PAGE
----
Library in the News: November and December Edition

With the whirlwind of the holiday season come to a close, let’s take a look back at some of the headlines the Library made in November and December.

One of our big announcements was the opening of the Library exhibition “The Civil War in America” on Nov. 12.

The Washington Post chose to highlight a select item – a little-known diary written by a wartime teenager –  for its coverage of the exhibition. “A century and a half later, LeRoy Wiley Gresham’s smudges still mark the page, in a kind of communion with students of his remarkable record of the Civil War, the collapse of the Old South, and the last years of his privileged but afflicted life,” wrote Michael Ruane.

Where Guestbook did a great pictorial feature highlighting Civil War ambrotypes and a look at the Lincoln White House.  And both CNN and The Examiner did website pictorials including such display items as a copy of President Abraham Lincoln’s inaugural address, a copy of Lincoln’s Gettysburg address, a set of children’s tinker toys and a lock of Ulysses S. Grant’s hair.

Martha M. Boltz of the Washington Times wrote about her tour of the exhibition, which had previously been thwarted because of Hurricane Sandy. “The exhibition on the Civil War, with its 200 unique items, is extraordinary and exhaustive … It was wonderful to tour with such a knowledgeable staff of archivists and curators. When one of them would start talking about a given display or artifact and paused for a moment, another would step in and add to it. The depth of knowledge of these dedicated professionals would be hard to find anywhere else.”

The Associated Press looked at the letters and diaries in the exhibition that “offer a new glimpse at the arguments that split the nation 150 years ago and some of the festering debates that survive today.”

Other outlets picking up the AP story included The Denver Post, The Huffington Post, ABC News, USA Today, Fox News, Yahoo! and several local papers in Mississippi, South Carolina, Missouri, Utah, Montana, Nebraska, Washington and Georgia.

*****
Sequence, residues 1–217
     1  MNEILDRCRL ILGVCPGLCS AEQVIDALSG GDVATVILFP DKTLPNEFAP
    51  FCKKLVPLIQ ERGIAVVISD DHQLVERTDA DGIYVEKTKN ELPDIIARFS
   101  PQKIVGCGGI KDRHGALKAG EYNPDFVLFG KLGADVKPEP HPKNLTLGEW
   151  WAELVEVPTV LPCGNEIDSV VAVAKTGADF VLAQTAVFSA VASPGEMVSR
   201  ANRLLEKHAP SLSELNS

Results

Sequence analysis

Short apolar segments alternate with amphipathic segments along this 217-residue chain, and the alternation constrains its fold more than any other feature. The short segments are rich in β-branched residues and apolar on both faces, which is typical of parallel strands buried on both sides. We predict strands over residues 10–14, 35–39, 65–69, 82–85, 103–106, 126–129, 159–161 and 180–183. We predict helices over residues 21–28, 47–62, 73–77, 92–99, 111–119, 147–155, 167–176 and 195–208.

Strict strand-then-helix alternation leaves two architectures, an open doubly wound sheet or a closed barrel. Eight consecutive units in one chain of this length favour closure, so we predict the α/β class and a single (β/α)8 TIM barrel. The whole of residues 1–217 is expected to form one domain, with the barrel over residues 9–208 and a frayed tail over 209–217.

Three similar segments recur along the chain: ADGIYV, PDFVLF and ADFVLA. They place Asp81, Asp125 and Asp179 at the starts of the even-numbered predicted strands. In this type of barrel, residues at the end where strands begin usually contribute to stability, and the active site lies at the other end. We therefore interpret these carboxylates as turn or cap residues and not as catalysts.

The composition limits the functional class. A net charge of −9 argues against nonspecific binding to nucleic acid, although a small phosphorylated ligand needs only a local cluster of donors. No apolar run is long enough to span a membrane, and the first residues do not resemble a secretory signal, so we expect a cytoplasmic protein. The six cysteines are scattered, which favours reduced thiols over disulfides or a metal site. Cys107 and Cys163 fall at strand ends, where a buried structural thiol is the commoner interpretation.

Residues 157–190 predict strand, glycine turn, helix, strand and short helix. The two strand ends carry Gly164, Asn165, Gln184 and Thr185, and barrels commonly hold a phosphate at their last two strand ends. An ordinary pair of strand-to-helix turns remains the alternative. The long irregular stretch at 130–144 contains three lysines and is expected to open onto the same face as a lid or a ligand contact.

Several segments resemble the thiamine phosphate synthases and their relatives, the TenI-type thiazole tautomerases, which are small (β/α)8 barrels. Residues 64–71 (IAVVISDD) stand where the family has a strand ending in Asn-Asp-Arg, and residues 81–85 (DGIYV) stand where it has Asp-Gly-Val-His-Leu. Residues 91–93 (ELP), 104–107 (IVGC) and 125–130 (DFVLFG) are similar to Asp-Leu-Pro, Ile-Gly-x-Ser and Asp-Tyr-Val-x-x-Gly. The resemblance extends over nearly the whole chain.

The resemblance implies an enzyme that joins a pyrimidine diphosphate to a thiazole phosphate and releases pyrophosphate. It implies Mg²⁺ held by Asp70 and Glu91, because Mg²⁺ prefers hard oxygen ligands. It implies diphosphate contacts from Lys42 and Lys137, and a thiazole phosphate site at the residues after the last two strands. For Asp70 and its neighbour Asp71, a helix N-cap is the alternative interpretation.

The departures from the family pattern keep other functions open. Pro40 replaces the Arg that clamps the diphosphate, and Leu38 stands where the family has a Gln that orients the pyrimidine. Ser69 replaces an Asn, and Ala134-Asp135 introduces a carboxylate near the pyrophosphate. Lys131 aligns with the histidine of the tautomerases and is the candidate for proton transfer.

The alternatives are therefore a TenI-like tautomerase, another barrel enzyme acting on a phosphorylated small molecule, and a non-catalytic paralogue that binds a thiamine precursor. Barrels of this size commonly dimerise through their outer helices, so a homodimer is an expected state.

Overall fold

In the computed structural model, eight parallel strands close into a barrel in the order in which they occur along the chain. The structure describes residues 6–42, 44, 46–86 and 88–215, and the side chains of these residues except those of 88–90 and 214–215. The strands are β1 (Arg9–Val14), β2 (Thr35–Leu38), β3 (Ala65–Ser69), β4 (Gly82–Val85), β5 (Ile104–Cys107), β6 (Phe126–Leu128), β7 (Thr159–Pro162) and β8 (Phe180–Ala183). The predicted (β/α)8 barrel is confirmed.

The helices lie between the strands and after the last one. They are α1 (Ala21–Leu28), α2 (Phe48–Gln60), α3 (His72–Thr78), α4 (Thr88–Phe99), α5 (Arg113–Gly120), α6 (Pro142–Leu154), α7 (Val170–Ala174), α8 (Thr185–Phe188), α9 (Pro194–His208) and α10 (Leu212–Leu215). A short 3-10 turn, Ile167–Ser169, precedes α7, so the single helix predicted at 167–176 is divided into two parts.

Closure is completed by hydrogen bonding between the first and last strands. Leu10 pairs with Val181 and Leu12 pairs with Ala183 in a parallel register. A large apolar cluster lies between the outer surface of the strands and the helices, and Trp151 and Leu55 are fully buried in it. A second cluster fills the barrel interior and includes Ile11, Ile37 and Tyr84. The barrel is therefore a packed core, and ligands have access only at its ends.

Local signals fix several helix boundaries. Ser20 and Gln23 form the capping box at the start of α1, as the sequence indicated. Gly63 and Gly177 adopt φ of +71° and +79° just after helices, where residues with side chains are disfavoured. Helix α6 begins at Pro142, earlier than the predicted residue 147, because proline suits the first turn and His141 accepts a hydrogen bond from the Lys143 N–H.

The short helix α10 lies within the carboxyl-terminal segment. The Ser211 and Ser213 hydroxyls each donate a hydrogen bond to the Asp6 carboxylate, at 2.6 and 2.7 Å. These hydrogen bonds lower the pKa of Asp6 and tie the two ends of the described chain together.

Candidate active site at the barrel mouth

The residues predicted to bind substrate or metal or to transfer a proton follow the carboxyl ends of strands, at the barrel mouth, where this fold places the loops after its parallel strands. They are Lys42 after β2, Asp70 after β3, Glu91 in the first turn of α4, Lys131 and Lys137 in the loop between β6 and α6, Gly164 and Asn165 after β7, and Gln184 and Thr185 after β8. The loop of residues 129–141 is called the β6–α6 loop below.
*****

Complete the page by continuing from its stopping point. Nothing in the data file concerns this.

In late November, the Library announced it would make available on its website a group of audio recordings featuring interviews from music icons. The audio recordings are part of the Joe Smith Collection of more than 225 recordings of noted artists and executives in the industry. NBC Nightly News with Brian Williams aired a brief segment. And outlets like the Los Angeles Times and also ran headlines.

“The interviews are fascinating and worth a break from literary pursuits,” said Dave Rosenthal of the Baltimore Sun.

Speaking of the music industry, the Library announced in December that Carole King would be the recipient of the 2013 Gershwin Prize for Popular Song.

Featuring the announcement were the New York Times, Washington Post, Rolling Stone,, UPI, Reuters and the Associated Press. The AP story also ran in outlets including Billboard, the Washington Times, the Miami Herald, the Huffington Post, and Broadcast affiliates far and wide for ABC, NBC, Fox and CBS also ran brief news segments.

In other entertainment news, the Library, also in December, added 25 new selections to its National Film Registry.

“‘Dirty Harry’ Callahan, Neo, Ralphie and his Red Ryder BB gun and the baseball-playing women of ‘A League of Their Own’ are taking a permanent field trip to the Library of Congress,” wrote Brian Truitt for USA Today, whose story includes brief segments of several of the films.

“One of the greatest productions on the long list of masterpieces produced by NFL Films has been selected for recognition in the National Film Registry of the Library of Congress for its place in American culture,” said Josh Alper for the Pro Football Talk blog on NBC Sports. “They couldn’t have picked a better film than the one the Library of Congress calls the ‘Citizen Kane’ of sports movies to represent football’s enduring importance.”

Many other national and local outlets, including broadcast media, ran stories following the Library’s announcement.

On a final note, Library benefactor David Rubenstein gave the institution $1.5 million to fund three new literacy awards. Brett Zongker of the Associated Press reported the story, which was picked up by a variety of news media throughout the country.

Add a Comment

This blog is governed by the general rules of respectful civil discourse. You are fully responsible for everything that you post. The content of all comments is released into the public domain unless clearly stated otherwise. The Library of Congress does not control the content posted. Nevertheless, the Library of Congress may monitor any user-generated content as it chooses and reserves the right to remove content for any reason whatever, without consent. Gratuitous links to sites are viewed as spam and may result in removed comments. We further reserve the right, in our sole discretion, to remove a user's privilege to post content on the Library site. Read our Comment and Posting Policy.

Required fields are indicated with an * asterisk.